Methane emission offsets carbon dioxide uptake in a small productive lake. Vachon, D., Langenegger, T., Donis, D., Beaubien, S. E., & McGinnis, D. F. Limnology and Oceanography Letters, June, 2020. _eprint: https://aslopubs.onlinelibrary.wiley.com/doi/pdf/10.1002/lol2.10161
Methane emission offsets carbon dioxide uptake in a small productive lake [link]Paper  doi  abstract   bibtex   
Here, we investigate the importance of net CH4 production and emissions in the carbon (C) budget of a small productive lake by monitoring CH4, CO2, and O2 for two consecutive years. During the study period, the lake was mostly a net emitter of both CH4 and CO2, while showing positive net ecosystem production. The analyses suggest that during the whole study period, 32% ± 26% of C produced by net ecosystem production was ultimately converted to CH4 and emitted to the atmosphere. When converted to global warming potential, CH4 emission (in CO2 equivalents) was about 3–10 times higher than CO2 removal from in-lake net ecosystem production over 100-yr and 20-yr time frames, respectively. Although more work in similar systems is needed to generalize these findings, our results provide evidence of the important greenhouse gas imbalance in human-impacted aquatic systems.
@article{vachon_methane_2020,
	title = {Methane emission offsets carbon dioxide uptake in a small productive lake},
	volume = {n/a},
	copyright = {© 2020 The Authors. Limnology and Oceanography  published by Wiley Periodicals, Inc. on behalf of Association for the Sciences of Limnology and Oceanography.},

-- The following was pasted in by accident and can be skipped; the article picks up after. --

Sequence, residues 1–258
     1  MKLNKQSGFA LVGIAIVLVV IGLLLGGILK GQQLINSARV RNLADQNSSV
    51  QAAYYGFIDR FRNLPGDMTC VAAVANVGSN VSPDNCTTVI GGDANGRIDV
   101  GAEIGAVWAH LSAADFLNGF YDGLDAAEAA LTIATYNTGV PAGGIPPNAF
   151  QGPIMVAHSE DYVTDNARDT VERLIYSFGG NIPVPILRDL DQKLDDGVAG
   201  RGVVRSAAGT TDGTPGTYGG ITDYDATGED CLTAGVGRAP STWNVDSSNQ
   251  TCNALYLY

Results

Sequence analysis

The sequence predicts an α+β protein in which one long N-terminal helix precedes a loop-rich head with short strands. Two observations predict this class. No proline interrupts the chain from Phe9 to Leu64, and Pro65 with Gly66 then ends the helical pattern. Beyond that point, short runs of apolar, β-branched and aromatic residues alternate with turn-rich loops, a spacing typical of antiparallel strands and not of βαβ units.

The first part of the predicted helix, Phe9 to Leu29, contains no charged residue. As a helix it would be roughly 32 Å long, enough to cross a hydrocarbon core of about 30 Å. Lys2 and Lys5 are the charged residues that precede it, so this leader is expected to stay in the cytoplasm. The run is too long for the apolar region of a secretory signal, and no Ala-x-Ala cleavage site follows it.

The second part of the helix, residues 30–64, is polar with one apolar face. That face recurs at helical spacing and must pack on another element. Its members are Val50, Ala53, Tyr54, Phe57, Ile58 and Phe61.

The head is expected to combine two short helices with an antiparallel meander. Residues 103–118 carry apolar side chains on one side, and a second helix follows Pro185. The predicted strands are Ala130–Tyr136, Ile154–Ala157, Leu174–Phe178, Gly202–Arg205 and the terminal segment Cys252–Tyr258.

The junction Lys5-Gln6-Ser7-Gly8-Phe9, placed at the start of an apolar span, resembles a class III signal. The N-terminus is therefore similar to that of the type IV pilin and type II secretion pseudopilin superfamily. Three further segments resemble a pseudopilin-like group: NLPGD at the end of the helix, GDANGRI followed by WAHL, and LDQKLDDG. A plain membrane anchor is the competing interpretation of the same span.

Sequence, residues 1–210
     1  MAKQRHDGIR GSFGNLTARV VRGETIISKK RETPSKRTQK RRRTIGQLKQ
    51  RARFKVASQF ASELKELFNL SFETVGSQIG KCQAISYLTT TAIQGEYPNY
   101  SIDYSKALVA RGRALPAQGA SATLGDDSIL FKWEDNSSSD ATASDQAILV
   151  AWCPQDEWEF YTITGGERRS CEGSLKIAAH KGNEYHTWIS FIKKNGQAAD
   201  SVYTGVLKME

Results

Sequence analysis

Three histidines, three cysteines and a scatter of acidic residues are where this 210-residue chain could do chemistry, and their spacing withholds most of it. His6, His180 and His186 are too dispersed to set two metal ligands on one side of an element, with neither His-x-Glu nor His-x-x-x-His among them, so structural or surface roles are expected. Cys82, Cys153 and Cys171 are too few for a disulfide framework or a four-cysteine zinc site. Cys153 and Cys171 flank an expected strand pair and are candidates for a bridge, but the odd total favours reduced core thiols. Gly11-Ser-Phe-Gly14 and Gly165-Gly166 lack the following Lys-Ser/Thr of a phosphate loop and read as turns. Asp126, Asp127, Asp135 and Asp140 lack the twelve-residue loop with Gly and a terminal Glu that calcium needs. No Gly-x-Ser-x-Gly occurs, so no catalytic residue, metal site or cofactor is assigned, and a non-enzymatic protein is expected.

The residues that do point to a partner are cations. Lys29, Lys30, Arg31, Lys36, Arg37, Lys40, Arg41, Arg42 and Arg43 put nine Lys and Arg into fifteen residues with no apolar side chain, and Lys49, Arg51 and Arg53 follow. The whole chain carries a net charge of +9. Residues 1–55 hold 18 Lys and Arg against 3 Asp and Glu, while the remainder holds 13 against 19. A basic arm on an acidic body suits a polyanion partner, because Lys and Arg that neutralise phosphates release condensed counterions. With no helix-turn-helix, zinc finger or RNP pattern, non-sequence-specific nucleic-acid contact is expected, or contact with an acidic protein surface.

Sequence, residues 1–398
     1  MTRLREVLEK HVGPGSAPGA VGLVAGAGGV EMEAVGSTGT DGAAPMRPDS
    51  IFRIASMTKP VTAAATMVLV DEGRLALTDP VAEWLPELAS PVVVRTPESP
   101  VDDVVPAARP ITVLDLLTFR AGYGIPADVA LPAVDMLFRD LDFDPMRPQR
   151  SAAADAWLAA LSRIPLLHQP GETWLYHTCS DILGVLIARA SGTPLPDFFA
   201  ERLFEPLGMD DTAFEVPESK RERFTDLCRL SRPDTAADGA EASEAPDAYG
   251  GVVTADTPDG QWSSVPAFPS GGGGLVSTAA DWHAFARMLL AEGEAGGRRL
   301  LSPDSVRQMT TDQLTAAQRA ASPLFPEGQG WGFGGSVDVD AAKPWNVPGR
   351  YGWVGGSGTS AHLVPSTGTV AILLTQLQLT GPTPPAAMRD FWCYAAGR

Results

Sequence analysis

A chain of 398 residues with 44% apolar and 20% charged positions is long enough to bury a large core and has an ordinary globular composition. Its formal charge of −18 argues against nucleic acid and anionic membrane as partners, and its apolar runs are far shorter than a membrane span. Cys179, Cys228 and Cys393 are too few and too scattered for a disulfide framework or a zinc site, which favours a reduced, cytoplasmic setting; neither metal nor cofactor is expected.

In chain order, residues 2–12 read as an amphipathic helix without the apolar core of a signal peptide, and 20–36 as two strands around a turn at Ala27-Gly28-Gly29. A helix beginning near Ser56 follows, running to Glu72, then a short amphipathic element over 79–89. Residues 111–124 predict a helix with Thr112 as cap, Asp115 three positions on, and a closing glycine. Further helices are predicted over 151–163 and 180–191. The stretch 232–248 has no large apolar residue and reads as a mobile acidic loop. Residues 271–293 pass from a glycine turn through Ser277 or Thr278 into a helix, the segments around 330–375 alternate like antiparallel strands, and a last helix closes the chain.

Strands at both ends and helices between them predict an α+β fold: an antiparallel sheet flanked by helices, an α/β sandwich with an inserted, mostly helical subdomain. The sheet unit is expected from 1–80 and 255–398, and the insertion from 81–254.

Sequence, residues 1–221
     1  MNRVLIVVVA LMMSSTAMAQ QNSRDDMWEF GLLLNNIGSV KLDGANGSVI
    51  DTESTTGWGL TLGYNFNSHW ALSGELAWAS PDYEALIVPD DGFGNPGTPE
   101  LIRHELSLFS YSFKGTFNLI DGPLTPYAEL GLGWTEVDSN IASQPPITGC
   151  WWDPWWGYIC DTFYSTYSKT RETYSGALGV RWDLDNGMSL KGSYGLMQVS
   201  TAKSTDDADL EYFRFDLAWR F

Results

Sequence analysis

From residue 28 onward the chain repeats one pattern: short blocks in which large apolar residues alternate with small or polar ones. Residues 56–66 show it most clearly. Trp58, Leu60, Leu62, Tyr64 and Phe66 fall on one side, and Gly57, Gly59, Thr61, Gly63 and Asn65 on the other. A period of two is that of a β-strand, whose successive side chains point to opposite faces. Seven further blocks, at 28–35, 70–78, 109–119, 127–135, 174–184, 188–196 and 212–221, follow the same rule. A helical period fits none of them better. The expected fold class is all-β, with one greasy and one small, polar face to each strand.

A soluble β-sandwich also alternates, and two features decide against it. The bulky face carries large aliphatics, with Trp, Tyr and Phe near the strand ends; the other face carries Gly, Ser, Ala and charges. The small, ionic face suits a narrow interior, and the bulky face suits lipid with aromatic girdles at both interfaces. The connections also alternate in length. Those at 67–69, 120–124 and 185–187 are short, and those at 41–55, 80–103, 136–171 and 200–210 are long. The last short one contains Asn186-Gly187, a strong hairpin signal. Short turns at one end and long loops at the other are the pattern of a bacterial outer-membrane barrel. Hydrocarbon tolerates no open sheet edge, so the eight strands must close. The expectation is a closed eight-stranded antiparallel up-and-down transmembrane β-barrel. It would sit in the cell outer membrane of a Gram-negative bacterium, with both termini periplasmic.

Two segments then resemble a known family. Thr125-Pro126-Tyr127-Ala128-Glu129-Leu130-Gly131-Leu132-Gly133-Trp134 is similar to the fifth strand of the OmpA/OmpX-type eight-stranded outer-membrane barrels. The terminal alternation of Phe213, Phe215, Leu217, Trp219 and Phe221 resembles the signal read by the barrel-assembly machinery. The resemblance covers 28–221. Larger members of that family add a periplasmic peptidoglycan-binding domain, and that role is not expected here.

issn = {2378-2242},
	url = {https://aslopubs.onlinelibrary.wiley.com/doi/abs/10.1002/lol2.10161},
	doi = {10.1002/lol2.10161},
	abstract = {Here, we investigate the importance of net CH4 production and emissions in the carbon (C) budget of a small productive lake by monitoring CH4, CO2, and O2 for two consecutive years. During the study period, the lake was mostly a net emitter of both CH4 and CO2, while showing positive net ecosystem production. The analyses suggest that during the whole study period, 32\% ± 26\% of C produced by net ecosystem production was ultimately converted to CH4 and emitted to the atmosphere. When converted to global warming potential, CH4 emission (in CO2 equivalents) was about 3–10 times higher than CO2 removal from in-lake net ecosystem production over 100-yr and 20-yr time frames, respectively. Although more work in similar systems is needed to generalize these findings, our results provide evidence of the important greenhouse gas imbalance in human-impacted aquatic systems.},
	language = {en},
	number = {n/a},
	urldate = {2020-07-15},
	journal = {Limnology and Oceanography Letters},
	author = {Vachon, Dominic and Langenegger, Timon and Donis, Daphne and Beaubien, Stan E. and McGinnis, Daniel F.},
	month = jun,
	year = {2020},
	note = {\_eprint: https://aslopubs.onlinelibrary.wiley.com/doi/pdf/10.1002/lol2.10161},
}

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